The total rural capital model provides a way of analyzing these needs and a way to look at directing investments to create a different and more valuable balance in a community, what we call "community development." The assessment of needs and the projection of remedies is a faculty activity that can be discussed using the model. But is the model accessible to the public?

A Case Study in Progress

The accessibility of the model to rural community members was borne out in a recent needs assessment we conducted in each county in Oregon. Citizen participants in each county identified a range of needs, from 20 to 50, which they then organized by categories with headings. After several meetings it was apparent that participants were, despite substantial differences in issues across counties, placing their needs into categories very similar to Castle's. We are presently in the process of classifying the 800-plus needs identified by the various counties into the specific categories of the model.

As an early finding, so many of the needs are falling under "social capital" that we have found it useful to subdivide that category into four groups: social (including health), governance, education, and business/economic, creating seven in all. And, in the process of categorizing the needs, it became clear that the participants in the meetings see the connection between the various forms of capital in their communities. For example, participants would note the link between natural capital and education, and natural capital and youth development. The public is very aware that rural development is about multiple objectives.

The Academic Link

For faculty with a scholarship (which often means publication) requirement, the total rural capital framework links to the literature in a variety of disciplines, including economics, political science, and rural sociology. The framework permits faculty working in such diverse Extension programs as agriculture, forestry, energy, and family/youth development to analyze needs and to propose and test solutions within this framework.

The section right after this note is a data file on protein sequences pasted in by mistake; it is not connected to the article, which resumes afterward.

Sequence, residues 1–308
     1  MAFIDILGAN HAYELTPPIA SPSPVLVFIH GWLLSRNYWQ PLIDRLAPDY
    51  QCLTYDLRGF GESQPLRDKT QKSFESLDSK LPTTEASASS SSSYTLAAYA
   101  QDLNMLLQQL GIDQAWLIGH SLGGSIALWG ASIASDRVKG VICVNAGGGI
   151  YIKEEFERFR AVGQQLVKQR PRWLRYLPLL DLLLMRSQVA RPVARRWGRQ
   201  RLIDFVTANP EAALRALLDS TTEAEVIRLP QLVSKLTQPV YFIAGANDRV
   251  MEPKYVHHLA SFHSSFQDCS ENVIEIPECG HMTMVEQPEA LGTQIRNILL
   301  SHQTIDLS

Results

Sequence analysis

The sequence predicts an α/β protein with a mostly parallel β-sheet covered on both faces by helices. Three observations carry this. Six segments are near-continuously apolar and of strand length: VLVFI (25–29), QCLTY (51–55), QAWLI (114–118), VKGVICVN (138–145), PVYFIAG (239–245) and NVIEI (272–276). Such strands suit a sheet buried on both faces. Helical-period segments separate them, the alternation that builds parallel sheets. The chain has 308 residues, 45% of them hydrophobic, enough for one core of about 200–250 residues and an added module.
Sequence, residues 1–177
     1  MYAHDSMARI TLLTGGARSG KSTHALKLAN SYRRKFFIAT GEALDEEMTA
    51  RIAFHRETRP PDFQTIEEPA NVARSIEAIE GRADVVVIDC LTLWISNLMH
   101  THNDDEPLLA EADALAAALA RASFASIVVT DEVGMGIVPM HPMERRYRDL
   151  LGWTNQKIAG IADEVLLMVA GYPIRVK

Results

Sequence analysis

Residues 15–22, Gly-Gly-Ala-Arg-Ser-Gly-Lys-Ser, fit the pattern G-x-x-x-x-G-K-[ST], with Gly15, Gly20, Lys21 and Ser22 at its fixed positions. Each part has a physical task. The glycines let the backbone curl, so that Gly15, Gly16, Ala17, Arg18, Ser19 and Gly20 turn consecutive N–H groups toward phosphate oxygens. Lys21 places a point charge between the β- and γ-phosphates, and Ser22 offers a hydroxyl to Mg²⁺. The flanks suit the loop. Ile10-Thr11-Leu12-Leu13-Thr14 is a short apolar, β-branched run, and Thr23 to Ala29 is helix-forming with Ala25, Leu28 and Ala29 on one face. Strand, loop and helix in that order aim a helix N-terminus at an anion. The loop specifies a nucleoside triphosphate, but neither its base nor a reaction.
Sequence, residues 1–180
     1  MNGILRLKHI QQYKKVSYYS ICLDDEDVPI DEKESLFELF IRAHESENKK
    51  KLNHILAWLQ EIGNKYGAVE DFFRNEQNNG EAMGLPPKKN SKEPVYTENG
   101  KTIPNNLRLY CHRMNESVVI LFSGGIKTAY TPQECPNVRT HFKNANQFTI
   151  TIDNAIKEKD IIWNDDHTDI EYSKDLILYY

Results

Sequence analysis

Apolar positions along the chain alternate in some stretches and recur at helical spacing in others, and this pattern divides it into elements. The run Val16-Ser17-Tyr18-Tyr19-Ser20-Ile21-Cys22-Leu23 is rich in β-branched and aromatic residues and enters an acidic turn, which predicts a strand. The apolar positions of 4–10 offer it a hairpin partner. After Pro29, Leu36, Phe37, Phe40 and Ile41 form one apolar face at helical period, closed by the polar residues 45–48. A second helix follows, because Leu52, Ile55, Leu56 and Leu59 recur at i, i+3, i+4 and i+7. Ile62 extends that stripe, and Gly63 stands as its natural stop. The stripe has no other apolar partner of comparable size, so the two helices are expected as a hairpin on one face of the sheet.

The total rural capital model permits faculty to discuss issues with the public, including such fundamental questions as the priority of investments, maintenance costs of past or proposed investments, possible substitution of forms of capital, the value of conservation of capital for future use, and "path dependence," where an investment today limits future opportunities.

Value to Extension

Over 10 years ago, the Experiment Station Committee on Organization and Policy (ESCOP) proposed additional funding for rural development and noted a variety of issues (Schutjer, 1991). Many of these issues, such as "Rural development activities" are directed at multiple objectives. We believe that the total rural capital model can provide the comprehensive theory for rural development programs. Further, the model provides a way for both academics and the public to answer the fundamental question about Extension programs: "So what?"


Castle, E. N. (1998). A conceptual framework for the study of rural places. American Journal of Agricultural Economics 80(3):621-31.

Castle, E. N. (2002). A primer on rural community sustainability. Oregon State University Extension Service. Corvallis, Oregon.

Coleman J. S. (1990). Social capital. In Foundations of social theory. Cambridge, MA: Belknap Press.

Loury, G. (1977). A dynamic theory of racial income differences. In Women, minorities, and employment discrimination. (P. A. Wallace & A. LeMund, Eds.)

Schutjer, W. A. (1991) Rural development and Extension. Journal of Extension [On-line], 29(1). Available at: